6. one of us isn't making any sense. It's not that i want bullet proof characters, its that CB4 MAKES bullet proof characters. I could veto CB4 because of this, but then there would be something somewhere else that makes nearly-bullet proof characters. Then do i veto that? It is a slippery slope down to banning everything and making all my own gear, which defeats the purpose of having supplement books. Because making the supplements useless is bad, that means that banning everything is bad. Because banning everything is bad, there should be a good way to allow stuff from the supplements without breaking the game. What is this way? One possible way is to just let everyone wear SP22 armor and just let everyone carry weapons that can punch though it. The book gets used, and they aren't armor proof, they are just proof against weapons people don't use anyway. Every street thug has 6d6+3 plasmatic handguns and 7d6 cyborg rifles. It isn't overkill, its expected. The corporate security forces are outfitted to deal with this and get PA suits, Armored AVs and antitank missiles. Armor isn't going to go up infinatly, it caps out about SP22 because thats where EV penalties start to show up. Another possible way to use the supplements which might not negate lower range weaponery is to house rule in a flat, additional EV penalty based on SP rating, regardless of how you got it. Anything exceeding SP12 gets 1EV for every 2SP over 12, in addition to any EV has naturally. Weapons that beat the tar out of SP12 armor are kept out of the hands of street thugs. Which one is the right answer? What solution did you find? how do i do it right?
  7. "you gm, you god" is perfectly fine advice, but i knew that already. The books have no value to me if i'm going to house rule everything in them. Instead, i want books that i can hand to the players and not worry about ruling against everything. The CB4 armored clothes really do get to 22SP easily. A pairing of Heavy-over-light clothing stacks to SP22 on head, torso and arms. A turtleneck and jacket will cost you something like 400eb. A pairing of heavy-over-medium clothing on your legs stacks to SP23. Light+Heavy on the top is no EV penalty, and Medium+Heavy on your legs is also no EV. The pants will run you about 200eb. And you might want a better helmet because headshots are bad. The SP25 Full Plate Helm costs 100eb and gives you infared and antidazzle. It might not be stylish but its worth toting around to slap on your head when the bullets start flying. The clothes, on the other hand, can be +6 Wardrobe and Style stylish in their beauty if you spend enough on em. SP22 isn't in the realm of military armor, its in the realm of cheap armored clothing. In a world where a few hundred eb makes you immune to 9mm rounds, it would be silly to bother carrying a 9mm weapon. So everyone ends up with SP22 armor and giant weapons to bypass other people's SP22 armor. I'm not even sure this is a problem. Do i care if there are only 8 feasible non-heavy weapons?
  8. 3G Guns Guns Guns is a wonderful book with the ability to relisticly stat any weapon you can think of. http://www.btrc.net/3g3 I've used my copy to make overpowered handguns. yay Also, other people have done a lot of your work for you. http://falloutpnp.wikia.com/wiki/Main_Page FPNP has all the game weapons and stuff with descriptions and game stats, it would probably be easier to make a system to convert from their stats instead of making up stats yourself. The whole system isn't bad either, you might like it.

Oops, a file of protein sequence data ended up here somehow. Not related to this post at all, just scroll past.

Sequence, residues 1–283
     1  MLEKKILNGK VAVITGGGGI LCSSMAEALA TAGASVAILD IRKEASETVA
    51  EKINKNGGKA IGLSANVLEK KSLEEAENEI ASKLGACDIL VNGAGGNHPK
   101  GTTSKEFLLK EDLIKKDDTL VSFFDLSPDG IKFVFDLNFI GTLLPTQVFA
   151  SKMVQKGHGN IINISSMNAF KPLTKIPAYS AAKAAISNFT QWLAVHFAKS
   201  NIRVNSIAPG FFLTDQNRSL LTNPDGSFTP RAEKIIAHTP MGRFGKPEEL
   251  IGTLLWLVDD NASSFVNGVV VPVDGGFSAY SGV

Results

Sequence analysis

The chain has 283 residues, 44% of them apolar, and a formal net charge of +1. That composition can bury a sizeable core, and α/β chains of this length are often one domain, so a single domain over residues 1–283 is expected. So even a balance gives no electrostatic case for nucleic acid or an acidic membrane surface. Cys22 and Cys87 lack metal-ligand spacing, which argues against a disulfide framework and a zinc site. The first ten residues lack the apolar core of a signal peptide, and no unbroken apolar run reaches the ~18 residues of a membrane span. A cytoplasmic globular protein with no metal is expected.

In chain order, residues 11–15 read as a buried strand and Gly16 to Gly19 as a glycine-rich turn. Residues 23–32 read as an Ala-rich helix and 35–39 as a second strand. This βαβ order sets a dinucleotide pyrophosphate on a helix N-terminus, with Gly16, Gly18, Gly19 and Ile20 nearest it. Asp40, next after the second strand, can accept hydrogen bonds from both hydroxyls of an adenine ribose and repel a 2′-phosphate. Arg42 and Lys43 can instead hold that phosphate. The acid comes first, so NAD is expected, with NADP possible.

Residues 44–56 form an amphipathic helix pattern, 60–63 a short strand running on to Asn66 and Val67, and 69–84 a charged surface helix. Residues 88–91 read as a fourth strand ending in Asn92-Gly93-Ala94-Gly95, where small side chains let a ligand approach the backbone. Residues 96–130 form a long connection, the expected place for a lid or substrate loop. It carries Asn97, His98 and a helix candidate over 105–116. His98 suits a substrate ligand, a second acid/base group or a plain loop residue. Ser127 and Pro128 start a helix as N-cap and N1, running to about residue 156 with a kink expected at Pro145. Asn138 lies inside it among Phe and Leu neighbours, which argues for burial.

9. well yes, that is why i'm bringing it up, but SP22 isn't hard at all to get, its what simple armored clothing comes out to. EV0 armor isn't restrictive to wear, nor is it all that heavy. The only fatigue rules i know about are in pacific rim, and that's for tropical heat and deserts, not at night in the rain where all /real/ cyberpunk campaigns take place. I do encourage characters to not walk around in hard armor, but a t shirt, jeans and trenchcoat is sp22, and that isn't 'suspicious gear'. So is this a problem? Is the party being immune to 9mm bullets bad, and if so, how can it be fixed?
  10. i want to talk about weapons and armor, but i don't even know if anything is wrong. There already exists armor that protects characters from damage and weapons that allow characters to deal damage though armor. Looking though all the books, the best armors are SP22-28. The armored clothing from CB4 can get to SP22 without any EV penalties, and can be worn about because its clothing. Cheap too. Home of the Brave has military assault armor that gives extra vision types and thermal/electrical protection and SP28 Hard, with -2EV. Full-Cons and people in power armor can get much much more SP, but isn't what we should balance to anyway. With the armored clothing being so good and so cheap, it puts quite a demand on weapons. The math says that AP ammo will out damage everything else until you do something like 10d6 per hit. Also, guns that do 3d6 won't hurt people on average rolls even with AP ammo. This weeds out a good 75% of the weapons out there. For handguns you are limited to 12mm arm breakers, plasmatic revolvers and the boomer buster. SMGs have a similar issue, making everything that isn't an MPK2020 a waste of time. So is this a problem? Armored clothing limits us to only a few weapons, but many games have only a few weapons and it works out fine. D&D has a short list of weapons and those are all very much the same. Getting hit with a great axe feels a lot the same as getting hit with a great sword. So is this a problem? there are a few flavorful armors out there, like that optical cloaking stuff from Chrome 2, but it just doesn't have the SP required to keep people alive, and so you can't use it. I could possibly change the entire system to allow a wider range of weapons and armors to be useful, but that would be hard, and it isn't clear that there is a problem to begin with.